“Enthralling . . . [an] exquisitely moral mystery of how we struggle to accept and love the people we call family.”—The New York Times Book Review (Editor’s Choice)
NAMED ONE OF THE BEST BOOKS OF THE YEAR BY The New York Times Book Review • Esquire • BookPage
A gripping novel with the pace of a thriller but the nuanced characterization and deep empathy of some of the literary canon’s most beloved novels, Remember Me Like This introduces Bret Anthony Johnston as one of the most gifted storytellers writing today. With his sophisticated and emotionally taut plot and his shimmering prose, Johnston reveals that only in caring for one another can we save ourselves.
Four years have passed since Justin Campbell’s disappearance, a tragedy that rocked the small town of Southport, Texas. Did he run away? Was he kidnapped? Did he drown in the bay? As the Campbells search for answers, they struggle to hold what’s left of their family together.
Then, one afternoon, the impossible happens. The police call to report that Justin has been found only miles away, in the neighboring town, and, most important, he appears to be fine. Though the reunion is a miracle, Justin’s homecoming exposes the deep rifts that have diminished his family, the wounds they all carry that may never fully heal. Trying to return to normal, his parents do their best to ease Justin back into his old life. But as thick summer heat takes hold, violent storms churn in the Gulf and in the Campbells’ hearts. When a reversal of fortune lays bare the family’s greatest fears—and offers perhaps the only hope for recovery—each of them must fight to keep the ties that bind them from permanently tearing apart.
Praise for Remember Me Like This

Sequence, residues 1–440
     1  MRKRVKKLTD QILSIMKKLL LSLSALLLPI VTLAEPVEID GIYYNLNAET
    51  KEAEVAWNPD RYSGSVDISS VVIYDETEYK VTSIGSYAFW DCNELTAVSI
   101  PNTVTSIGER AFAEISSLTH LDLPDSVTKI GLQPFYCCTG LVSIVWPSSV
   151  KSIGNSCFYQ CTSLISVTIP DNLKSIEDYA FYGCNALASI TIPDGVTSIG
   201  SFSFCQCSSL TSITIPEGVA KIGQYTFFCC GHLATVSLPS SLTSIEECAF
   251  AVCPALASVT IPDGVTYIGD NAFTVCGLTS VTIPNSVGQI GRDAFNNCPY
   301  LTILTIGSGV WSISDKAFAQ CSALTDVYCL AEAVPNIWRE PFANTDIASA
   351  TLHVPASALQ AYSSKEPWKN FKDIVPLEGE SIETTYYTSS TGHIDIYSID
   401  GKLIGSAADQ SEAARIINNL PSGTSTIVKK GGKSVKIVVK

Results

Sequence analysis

“An achingly beautiful and psychologically insightful portrait of a family . . . [a] fully immersive novel in which the language is luminous and the delivery almost flawless.”—The Boston Globe
“Riveting . . . flows like it was plotted by Dennis Lehane but feels like it was written by Jonathan Franzen.”—Esquire
“Tremendously moving . . . There’s real humanity in Johnston’s writing, and it’s heartening to spend time with these folks as they relearn how to be a family.”—Ron Charles, The Washington Post
“Deeply empathetic and masterfully constructed . . . a novel that has both the feel of a great epic and the focused intensity of standing on a highwire.”—Salon
In Johnston's strong debut, it's been four years since young son Justin disappeared, and during that time the Campbell family in southern Texas has been slowly crumbling under the strain of their grief. But when Justin, now a teenager, is miraculously returned and his abductor set to stand trial for his crimes, the entire family must join together and help him recover the years he has lost. His mother, Laura, who volunteers at a local aquarium studying dolphins, confronts her own sense of guilt and tries to regain her former lust for life. Her husband, Eric, who has found comfort in the arms of another woman, struggles to speak to his son while he plots revenge on the abductor. And Justin's younger brother, Griffin, is just trying to be a normal teen, more concerned with deciphering the signals of his tough-talking girlfriend, Fiona, than confronting psychic scars. As the police investigate the kidnapping and Justin's captor is released before the trial, the tension rises. From the travails of sudden celebrity to the knowledge that the kidnapper is free nearby, the family is tormented. The novel offers a melodrama that tries to sympathetically portray the devastating effects of loss on a family, even (or especially) when the lost are found. Johnston has a talent for drawing well-rounded characters, although verbal excess weighs down the novel's pace. In the end, this is a convincing and uplifting portrait of a family in crisis.
Good read, but I felt like I was reading a familiar story stolen from the headlines of the abduction of Shawn Hornbeck in 2002 when he was 11 yrs old. The stories are so similar I am unsure how this can be called an original fiction.
I really loved this book…it is beautifully written, painfully reall, and joyously, gloriously, human. The overwhelming sense of both hope and despair is jarring, with hope, in my opinion, winning in the end…
As for the previous review, so many books of fiction do parallel real life stories, just as they are also often very autobiographical. Wasn’t an issue for me. The craftsmanship in the writing was wonderful, and the narration was spot on...